- 4. Two ministries, adapted to present-day needs, are to be preserved in the whole Latin Church, namely, those of reader and acolyte. The functions heretofore assigned to the subdeacon are entrusted to the reader and the acolyte; consequently, the major order of subdiaconate no longer exists in the Latin Church. There is, however, no reason why the acolyte cannot be called a subdeacon in some places, at the discretion of the conference of bishops.
Traditionalist Catholic organizations such as the Priestly Fraternity of St. Peter, the Institute of Christ the King Sovereign Priest and the Personal Apostolic Administration of Saint John Mary Vianney have been permitted to retain the subdiaconate, as well as other pre-1970 forms of the Roman Rite liturgy. The Society of St. Pius X (SSPX) and other traditionalist Catholic bodies in dispute with the Holy See, such as sedevacantists, have also retained the subdiaconate, without seeking authorization to do so.
Thus, within the Latin Church, the term subdeacon now applies only to those ordained to that rank within one of these groups and to acolytes in countries where the Episcopal Conference has chosen to give them the name of subdeacon. Otherwise, it is a historical reference to persons and events of the pre-1973 period.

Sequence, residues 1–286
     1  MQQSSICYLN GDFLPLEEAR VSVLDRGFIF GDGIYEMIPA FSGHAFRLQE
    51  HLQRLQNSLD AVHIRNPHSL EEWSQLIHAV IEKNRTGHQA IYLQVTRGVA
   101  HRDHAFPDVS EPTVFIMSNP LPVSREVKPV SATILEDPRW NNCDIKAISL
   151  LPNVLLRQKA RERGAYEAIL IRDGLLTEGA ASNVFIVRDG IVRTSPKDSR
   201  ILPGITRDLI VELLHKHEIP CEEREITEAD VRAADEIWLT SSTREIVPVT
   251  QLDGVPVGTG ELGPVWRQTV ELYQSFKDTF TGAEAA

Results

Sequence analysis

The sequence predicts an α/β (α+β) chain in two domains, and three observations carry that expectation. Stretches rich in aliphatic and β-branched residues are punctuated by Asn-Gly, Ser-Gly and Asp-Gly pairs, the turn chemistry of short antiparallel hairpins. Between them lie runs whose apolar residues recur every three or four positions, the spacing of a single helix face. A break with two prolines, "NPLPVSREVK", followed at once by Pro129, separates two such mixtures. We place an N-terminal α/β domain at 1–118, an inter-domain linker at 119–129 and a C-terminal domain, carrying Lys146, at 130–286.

The Eastern Rites
The entrusting to readers and acolytes of all the functions that in the Latin Rite once belonged to subdeacons does not affect the Eastern Catholic Churches, where the functions of the subdeacon are similar to those of Eastern Orthodox subdeacons.
Subdeacons in the Anglican Church
While the office of subdeacon was abolished in the Anglican Church at the time of the Reformation, certain churches and communities in the Anglican Communion and within the Anglican Continuing Churches assign a layperson to act as subdeacon in the celebration of the liturgy of the mass or Holy Eucharist (especially Solemn High Mass). However, this is considered a liturgical function one fulfills and not an order to which one is ordained. In some dioceses and provinces, laypersons who act as subdeacons in this manner may be required to be specifically authorised by the respective bishop or archbishop. In practice, an Anglican subdeacon performs similar roles to those performed in Latin Rite Catholic or Western Rite Orthodox churches. The proper garments of the subdeacon are the alb and tunicle.
- Apostolic Canon 26, Canons 3 and 6 of the 6th Ecumenical Council
- Canon 15 of the 6th Ecumenical Council
- The Great Book of Needs, Volume II, (St Tikhon's Seminary Press MM)
- A Subdeacon's Manual (Archdeacon Kirill Sokolov MMIV)
- The Hierarchical Divine Liturgy of St John Chrysostom (New Sarov Press, MCMXCV)
- The 1917 edition of the Catholic Encyclopaedia
- The Byzantine rite of Ordination of a Subdeacon
- Institute of Christ the King Sovereign Priest
- Priestly Fraternity of Saint Peter
- History of Subdeacons
- Ministeria quaedam, Apostolic Letter on First Tonsure, Minor Orders, and the Subdiaconate